The Bank of England has warned the UK risked being plunged into the longest recession in 100 years after it pushed up the cost of borrowing to 3 per cent in the biggest single interest rate rise since 1989.
A 0.75 per cent increase, the latest in a series of eight interest rate rises since last year, would not be enough to guarantee victory in the war against double-digit inflation, the Bank said, as it cautioned further action would be needed.
The UK economy faces a "very challenging outlook", with a recession that began this summer now expected to last until the middle of 2024, the Guardian reported.
With the possibility of a general election being held in 2024, the Conservatives face campaigning to remain in government at the tail end of a prolonged slump, during which the Bank said it expected unemployment to rise from 3.5 per cent to 6.5 per cent.
However, there was some relief for mortgage holders as the central bank downplayed City expectations of a steep rise in the cost of borrowing to above 5 per cent, arguing that the prospect of a two-year recession meant it was likely to take a much less aggressive stance.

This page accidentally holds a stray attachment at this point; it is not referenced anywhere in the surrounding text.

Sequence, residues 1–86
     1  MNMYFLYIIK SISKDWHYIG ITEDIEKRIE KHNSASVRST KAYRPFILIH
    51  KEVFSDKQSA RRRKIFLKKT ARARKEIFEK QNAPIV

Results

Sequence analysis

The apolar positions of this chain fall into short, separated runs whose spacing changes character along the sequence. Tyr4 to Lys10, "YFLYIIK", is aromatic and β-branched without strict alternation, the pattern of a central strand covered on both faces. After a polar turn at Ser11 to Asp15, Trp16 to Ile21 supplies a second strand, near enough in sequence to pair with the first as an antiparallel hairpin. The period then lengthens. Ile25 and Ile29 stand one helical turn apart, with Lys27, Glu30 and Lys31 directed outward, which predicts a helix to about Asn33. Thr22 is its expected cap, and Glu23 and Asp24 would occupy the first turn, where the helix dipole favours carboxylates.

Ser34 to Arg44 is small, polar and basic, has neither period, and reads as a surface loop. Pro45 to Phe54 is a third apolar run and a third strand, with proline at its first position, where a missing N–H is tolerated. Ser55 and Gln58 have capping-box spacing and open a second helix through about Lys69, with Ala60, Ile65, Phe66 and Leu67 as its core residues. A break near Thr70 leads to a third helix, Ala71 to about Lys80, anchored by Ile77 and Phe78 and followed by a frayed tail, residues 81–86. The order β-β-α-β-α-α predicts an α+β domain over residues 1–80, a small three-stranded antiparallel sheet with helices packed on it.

Andrew Bailey, the Bank's Governor, said: "We can't make promises about future interest rates, but based on where we stand today, we think the bank rate will have to go up by less than currently priced in financial markets."
The last time UK rates rose by more than 0.5 per cent was in 1989, reports the Guardian.
John Major's government was forced into a 2 per cent rise during the exchange rate mechanism crisis in 1992, though for less than 24 hours before it was scrapped.
(With inputs from IANS)